Worms tip off on human brain repair
In humans, regeneration of the peripheral nervous system after injury remains a hit-or-miss affair, while brain and spinal cord damage results in lifelong disabilities. But by studying nerve injury in roundworms, an international team, has found a different modality by which regeneration occurs.
"Though damaged nerves reconnect in a number of different ways, the underlying mechanisms remain poorly understood," said Dr Brent Neumann of the Queensland Brain Institute, who led the team.
The research, published in the `Developmental Dynamics`, examines a process called axonal fusion, which has been observed in crayfish, earthworms, leeches and now in the roundworm Caenorhabditis elegans.
It offers a fundamentally different mechanism for regeneration of axons (long structures that look like cables and conduct electrical impulses between neurons) than those traditionally proposed.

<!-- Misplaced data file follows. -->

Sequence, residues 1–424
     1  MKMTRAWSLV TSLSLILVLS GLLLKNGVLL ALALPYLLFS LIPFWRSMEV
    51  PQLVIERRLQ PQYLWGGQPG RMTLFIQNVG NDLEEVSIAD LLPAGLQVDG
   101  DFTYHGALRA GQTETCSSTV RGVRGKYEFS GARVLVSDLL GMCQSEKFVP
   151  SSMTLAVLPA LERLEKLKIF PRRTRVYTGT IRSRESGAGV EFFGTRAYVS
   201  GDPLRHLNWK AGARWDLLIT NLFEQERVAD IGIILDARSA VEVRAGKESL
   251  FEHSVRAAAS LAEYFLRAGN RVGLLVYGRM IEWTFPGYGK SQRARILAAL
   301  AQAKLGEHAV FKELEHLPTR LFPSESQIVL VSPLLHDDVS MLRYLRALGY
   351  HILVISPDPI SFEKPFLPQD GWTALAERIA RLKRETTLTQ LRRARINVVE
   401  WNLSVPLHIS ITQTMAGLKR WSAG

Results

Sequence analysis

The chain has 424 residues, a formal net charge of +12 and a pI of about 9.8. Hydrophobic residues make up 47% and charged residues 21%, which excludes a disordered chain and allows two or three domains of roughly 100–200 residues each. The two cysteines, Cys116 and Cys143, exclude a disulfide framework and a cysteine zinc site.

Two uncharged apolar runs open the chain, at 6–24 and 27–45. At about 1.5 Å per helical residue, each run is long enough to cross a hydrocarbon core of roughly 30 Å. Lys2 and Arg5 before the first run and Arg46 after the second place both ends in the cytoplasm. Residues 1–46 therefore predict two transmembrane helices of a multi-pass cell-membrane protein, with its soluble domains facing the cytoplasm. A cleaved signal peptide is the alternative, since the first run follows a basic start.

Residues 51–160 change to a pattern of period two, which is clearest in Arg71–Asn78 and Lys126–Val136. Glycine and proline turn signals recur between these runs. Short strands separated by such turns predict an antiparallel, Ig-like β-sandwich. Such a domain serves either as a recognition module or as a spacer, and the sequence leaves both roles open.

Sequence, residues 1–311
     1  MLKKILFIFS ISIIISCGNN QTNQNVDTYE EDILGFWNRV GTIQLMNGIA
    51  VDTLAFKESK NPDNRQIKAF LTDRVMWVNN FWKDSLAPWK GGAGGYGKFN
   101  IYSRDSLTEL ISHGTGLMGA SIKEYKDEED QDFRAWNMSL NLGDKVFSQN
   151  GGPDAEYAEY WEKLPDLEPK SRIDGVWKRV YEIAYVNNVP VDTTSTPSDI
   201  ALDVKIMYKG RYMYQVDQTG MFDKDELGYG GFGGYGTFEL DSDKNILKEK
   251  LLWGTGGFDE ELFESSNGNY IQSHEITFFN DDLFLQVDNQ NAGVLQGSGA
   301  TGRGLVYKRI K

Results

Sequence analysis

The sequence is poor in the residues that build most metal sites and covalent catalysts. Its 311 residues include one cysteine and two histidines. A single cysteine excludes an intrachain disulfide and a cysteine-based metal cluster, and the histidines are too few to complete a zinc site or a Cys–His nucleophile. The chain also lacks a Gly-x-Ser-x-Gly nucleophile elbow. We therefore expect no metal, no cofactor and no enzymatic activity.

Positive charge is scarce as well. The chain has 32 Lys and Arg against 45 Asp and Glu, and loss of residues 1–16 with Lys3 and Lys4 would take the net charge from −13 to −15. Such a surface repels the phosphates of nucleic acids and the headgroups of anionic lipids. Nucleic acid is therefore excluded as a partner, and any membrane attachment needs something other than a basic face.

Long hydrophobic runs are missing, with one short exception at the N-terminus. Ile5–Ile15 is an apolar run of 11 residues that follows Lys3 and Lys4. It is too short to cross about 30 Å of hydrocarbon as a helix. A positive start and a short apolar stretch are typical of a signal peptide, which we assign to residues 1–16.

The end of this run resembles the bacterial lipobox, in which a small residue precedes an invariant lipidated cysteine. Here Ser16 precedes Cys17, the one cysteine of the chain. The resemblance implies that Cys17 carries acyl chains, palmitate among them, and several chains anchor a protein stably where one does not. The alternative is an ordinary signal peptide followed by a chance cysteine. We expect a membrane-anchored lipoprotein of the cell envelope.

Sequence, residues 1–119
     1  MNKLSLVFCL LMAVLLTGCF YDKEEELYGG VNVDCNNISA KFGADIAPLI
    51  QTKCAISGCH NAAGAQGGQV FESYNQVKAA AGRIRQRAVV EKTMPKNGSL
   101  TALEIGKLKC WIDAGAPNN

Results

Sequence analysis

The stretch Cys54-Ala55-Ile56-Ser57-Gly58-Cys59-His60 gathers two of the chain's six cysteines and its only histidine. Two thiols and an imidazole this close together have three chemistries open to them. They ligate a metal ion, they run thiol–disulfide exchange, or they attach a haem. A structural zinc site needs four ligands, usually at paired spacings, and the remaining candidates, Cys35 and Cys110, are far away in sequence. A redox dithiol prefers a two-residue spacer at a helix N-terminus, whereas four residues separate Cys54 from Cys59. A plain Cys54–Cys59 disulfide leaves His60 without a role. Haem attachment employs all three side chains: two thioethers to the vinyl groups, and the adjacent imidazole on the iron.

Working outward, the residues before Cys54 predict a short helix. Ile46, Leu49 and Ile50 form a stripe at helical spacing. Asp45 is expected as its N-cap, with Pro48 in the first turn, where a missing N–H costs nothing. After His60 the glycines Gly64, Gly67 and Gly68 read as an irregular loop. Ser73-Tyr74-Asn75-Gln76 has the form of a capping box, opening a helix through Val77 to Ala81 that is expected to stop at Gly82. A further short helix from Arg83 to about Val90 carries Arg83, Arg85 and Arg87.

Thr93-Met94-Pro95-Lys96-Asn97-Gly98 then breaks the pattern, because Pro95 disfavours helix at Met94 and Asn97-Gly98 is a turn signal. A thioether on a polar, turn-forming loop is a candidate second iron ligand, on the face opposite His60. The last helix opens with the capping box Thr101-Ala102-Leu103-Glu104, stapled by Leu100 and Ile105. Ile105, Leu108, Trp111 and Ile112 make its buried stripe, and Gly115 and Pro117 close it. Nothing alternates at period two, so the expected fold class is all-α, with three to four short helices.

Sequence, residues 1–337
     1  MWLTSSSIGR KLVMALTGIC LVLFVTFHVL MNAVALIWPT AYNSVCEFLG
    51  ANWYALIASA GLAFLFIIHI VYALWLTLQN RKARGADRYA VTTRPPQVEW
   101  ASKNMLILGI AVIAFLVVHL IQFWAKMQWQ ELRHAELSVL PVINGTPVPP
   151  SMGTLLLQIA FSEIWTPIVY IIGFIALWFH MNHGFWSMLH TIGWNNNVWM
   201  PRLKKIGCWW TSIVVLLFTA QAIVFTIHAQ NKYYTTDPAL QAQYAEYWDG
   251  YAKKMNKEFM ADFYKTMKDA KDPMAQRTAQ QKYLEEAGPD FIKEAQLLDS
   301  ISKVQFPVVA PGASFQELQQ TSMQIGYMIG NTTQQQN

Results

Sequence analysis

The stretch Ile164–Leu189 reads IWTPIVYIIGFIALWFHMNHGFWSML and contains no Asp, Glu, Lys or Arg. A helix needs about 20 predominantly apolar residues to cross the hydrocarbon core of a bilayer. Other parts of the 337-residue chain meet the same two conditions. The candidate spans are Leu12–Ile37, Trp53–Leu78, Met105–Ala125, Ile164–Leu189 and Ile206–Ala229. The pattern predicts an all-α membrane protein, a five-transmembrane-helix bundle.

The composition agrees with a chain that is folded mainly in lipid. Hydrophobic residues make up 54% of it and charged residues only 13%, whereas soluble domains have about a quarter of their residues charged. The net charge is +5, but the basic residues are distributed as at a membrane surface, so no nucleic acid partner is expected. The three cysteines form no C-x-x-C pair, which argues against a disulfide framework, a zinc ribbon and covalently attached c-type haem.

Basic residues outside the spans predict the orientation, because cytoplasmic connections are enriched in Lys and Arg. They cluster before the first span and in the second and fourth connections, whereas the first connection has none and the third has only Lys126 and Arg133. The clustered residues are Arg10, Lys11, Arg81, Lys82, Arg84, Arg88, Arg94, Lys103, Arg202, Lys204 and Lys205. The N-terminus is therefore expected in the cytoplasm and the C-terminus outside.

Using fluorescent imaging, the scientists showed that axonal fusion is a highly effective way to restore neuronal connections with the target tissue.
Dr Neumann said transected (severed) axons can restore their trajectories by bridging just the damage site instead of regrowing their entire length beyond an injury site.
Added team member Dr Massimo Hilliard: "In the worm, this process happens automatically a certain percentage of the time. As C Elegans are highly accessible for genetic analyses- future research will focus on the cellular and molecular mechanisms regulating the process, and how to make it happen when it doesn`t do so naturally.
"We do not know yet if something similar occurs in humans, but if it is not in place it doesn`t mean we can`t make it happen.